Adding a vector of length 22 and a vector of length 45 in most languages would raise an exception; the language designers would assume the programmer has made an error and the program is now in an undefined state. However, R allows adding two vectors regardless of their relative lengths. The elements of the shorter summand are recycled as often as necessary to create a vector the length of the longer summand. This is not attempting to add physical vectors that are incompatible for addition, but rather a syntactic convenience for manipulating sets of data. (R does issue a warning when adding vectors of different lengths and the length of the longer vector is not an integer multiple of the length of the shorter vector. So, for example, adding vectors of lengths 3 and 7 would cause a warning, but adding vectors of length 3 and 6 would not.)

The R language has no provision for scalars, nothing like a double in C-family languages. The only way to represent a single number in a variable is to use a vector of length one. And while it is possible to iterate through vectors as one might do in a for loop in C, it is usually clearer and more efficient in R to operate on vectors as a whole.

Vectors are created using the c function. For example, p <- c(2,3,5,7) sets p to the vector containing the first four prime numbers.

Vectors in R are indexed starting with 1 and matrices in are stored in column-major order. In both of these ways R resembles FORTRAN.

Elements of a vector can be accessed using []. So in the above example, p[3] is 5.

Vectors automatically expand when assigning to an index past the end of the vector, as in Perl.

Negative indices are legal, but they have a very different meaning than in some other languages. If x is an array in Python or Perl, x[-n] returns the nth element from the end of the vector. In R, x[-n] returns a copy of x with the nth element removed.

Boolean values can also be used as indices, and they behave differently than integers. See Five kinds of subscripts in R.


The expression seq(a, b, n) creates a closed interval from a to b in steps of size n. For example, seq(1, 10, 3) returns the vector containing 1, 4, 7, and 10. This is similar to range(a, b, n) in Python, except Python uses half-open intervals and so the 10 would not be included in this example. The step size argument n defaults to 1 in both R and Python.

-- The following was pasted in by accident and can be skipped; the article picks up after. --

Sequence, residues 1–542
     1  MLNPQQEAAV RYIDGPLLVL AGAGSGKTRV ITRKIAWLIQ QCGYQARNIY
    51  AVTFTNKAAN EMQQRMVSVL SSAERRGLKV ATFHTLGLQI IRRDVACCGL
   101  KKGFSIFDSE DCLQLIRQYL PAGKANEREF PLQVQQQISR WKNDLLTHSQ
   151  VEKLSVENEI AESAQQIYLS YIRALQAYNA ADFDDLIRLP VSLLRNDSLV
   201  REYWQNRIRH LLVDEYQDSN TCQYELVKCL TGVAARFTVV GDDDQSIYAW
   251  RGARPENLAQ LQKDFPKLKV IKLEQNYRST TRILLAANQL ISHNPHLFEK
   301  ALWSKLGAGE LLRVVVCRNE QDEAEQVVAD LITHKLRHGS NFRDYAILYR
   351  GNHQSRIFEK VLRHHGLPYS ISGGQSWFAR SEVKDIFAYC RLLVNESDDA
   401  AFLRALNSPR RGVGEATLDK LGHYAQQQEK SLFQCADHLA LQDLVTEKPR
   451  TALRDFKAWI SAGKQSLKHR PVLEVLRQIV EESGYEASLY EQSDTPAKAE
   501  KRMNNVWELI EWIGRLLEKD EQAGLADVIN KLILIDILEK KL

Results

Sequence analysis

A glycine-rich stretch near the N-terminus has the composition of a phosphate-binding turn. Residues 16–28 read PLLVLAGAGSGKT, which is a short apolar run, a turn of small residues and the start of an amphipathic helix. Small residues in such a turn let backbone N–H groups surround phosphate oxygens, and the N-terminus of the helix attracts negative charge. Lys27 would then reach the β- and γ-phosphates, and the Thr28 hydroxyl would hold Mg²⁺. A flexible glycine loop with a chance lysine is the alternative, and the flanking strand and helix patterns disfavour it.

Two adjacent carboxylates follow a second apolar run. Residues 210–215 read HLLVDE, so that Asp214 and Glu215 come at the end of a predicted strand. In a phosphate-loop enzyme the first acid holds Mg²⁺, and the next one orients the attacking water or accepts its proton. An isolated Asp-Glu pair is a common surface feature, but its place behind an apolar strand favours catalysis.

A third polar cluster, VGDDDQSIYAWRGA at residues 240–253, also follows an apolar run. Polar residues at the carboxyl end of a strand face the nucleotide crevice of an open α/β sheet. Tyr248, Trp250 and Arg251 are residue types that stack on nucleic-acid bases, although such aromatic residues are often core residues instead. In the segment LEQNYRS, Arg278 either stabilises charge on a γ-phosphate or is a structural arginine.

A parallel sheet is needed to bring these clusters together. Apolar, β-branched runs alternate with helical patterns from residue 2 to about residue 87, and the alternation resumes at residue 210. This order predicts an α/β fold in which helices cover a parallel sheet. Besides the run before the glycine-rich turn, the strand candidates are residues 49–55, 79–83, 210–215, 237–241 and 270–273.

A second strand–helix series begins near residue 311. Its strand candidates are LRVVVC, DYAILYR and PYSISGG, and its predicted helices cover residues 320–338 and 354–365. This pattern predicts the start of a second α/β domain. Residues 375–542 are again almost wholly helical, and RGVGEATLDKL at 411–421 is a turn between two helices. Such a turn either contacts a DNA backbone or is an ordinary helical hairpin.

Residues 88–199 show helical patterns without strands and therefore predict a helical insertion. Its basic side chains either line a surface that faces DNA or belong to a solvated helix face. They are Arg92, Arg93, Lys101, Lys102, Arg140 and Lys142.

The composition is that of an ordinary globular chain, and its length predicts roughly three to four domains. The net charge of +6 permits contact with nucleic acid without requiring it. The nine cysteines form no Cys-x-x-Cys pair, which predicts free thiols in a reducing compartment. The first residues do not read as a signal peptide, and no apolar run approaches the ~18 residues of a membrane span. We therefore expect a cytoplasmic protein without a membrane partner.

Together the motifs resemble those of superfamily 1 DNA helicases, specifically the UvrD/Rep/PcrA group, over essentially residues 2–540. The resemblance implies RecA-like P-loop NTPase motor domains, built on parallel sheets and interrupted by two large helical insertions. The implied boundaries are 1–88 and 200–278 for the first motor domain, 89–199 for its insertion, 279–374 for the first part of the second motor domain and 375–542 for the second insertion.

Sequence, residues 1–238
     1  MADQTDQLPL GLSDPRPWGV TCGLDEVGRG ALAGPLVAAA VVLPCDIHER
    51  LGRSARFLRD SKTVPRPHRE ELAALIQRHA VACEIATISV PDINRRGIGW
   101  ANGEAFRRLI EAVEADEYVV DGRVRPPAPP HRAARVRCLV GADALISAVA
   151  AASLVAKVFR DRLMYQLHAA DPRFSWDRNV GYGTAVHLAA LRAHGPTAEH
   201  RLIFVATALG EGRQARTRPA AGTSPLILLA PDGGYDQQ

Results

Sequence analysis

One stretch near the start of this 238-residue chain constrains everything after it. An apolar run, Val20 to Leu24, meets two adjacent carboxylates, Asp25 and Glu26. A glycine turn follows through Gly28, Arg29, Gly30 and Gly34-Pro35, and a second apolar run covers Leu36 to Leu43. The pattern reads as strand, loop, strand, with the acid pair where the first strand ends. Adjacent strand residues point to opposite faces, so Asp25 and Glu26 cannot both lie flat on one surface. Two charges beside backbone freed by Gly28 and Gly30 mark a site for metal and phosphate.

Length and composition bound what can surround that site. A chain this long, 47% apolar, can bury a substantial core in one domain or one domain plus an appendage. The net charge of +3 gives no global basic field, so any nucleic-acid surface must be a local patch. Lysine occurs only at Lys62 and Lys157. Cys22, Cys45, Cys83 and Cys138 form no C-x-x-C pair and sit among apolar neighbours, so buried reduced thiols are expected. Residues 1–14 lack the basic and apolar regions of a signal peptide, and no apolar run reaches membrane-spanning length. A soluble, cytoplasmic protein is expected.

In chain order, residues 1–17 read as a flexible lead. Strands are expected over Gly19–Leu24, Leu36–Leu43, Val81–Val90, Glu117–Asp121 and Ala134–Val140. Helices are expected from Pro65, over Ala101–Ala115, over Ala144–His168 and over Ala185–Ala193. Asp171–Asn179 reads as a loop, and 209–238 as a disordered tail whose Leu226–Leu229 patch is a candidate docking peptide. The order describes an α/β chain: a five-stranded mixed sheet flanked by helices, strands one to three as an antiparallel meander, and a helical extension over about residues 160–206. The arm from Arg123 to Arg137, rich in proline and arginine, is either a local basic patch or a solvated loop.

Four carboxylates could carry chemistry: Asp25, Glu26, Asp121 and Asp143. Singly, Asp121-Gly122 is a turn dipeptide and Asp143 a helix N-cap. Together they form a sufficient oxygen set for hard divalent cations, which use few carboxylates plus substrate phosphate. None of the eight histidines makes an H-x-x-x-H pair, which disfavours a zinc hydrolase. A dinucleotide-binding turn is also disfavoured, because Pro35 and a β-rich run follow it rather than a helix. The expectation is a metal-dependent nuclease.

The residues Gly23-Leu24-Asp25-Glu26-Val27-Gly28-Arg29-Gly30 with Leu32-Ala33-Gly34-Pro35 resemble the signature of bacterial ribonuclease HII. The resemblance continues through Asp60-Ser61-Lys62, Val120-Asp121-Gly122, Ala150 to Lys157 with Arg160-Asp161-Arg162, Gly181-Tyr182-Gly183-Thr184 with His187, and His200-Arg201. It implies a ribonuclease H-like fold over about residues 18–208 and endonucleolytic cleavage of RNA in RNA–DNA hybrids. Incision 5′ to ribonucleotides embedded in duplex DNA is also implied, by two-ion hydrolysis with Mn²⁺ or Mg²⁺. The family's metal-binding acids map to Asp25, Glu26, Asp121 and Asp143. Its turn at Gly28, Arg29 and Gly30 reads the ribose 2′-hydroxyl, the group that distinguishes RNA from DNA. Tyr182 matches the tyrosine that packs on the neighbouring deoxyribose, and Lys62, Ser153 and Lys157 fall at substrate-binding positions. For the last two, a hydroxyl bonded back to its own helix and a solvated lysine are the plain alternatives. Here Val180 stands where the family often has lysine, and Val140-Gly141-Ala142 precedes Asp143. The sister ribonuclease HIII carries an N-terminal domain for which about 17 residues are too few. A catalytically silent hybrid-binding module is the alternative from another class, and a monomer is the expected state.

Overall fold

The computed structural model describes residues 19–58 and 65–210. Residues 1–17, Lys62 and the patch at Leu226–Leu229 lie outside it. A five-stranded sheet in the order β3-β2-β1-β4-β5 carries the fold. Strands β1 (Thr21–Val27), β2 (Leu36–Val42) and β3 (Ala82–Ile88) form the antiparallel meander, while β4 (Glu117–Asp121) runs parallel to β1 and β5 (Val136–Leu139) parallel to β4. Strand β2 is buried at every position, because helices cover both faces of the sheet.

The notation a:b is an abbreviation for seq(a, b, 1).

The notation seq(a, b, length=n) is a variation that will set the step size to (b-a)/(n-1) so that the sequence has n points.


The type of a vector is the type of the elements it contains and must be one of the following: logical, integer, double, complex, character, or raw. All elements of a vector must have the same underlying type. This restriction does not apply to lists.

Type conversion functions have the naming convention as.xxx for the function converts its argument to type xxx. For example, as.integer(3.2) returns the integer 3, and as.character(3.2) returns the string “3.2”.

Boolean operators

You can input T or TRUE for true values and F or FALSE for false values.

The operators & and | apply element-wise on vectors. The operators && and || are often used in conditional statements and use lazy evaluation as in C: the operators will not evaluate their second argument if the return value is determined by the first argument.


Lists are like vectors, except elements need not all have the same type. For example, the first element of a list could be an integer and the second element be a string or a vector of Boolean values.

Lists are created using the list function. Elements can be access by position using [[]]. Named elements may be accessed either by position or by name.

Named elements of lists act like C structs, except a dollar sign rather than a dot is used to access elements. For example, consider,

a <- list(name="Joe", 4, foo=c(3,8,9))

Now a[[1]] and a$name both equal the string “Joe”.

If you attempt to access a non-existent element of a list, say a[[4]] above, you will get an error. However, you can assign to a non-existent element of a list, thus extending the list. If the index you assign to is more than one past the end of the list, intermediate elements are created and assigned NULL values. You can also assign to non-existent named fields, such as saying a$baz = TRUE.


In a sense, R does not support matrices, only vectors. But you can change the dimension of a vector, essentially making it a matrix.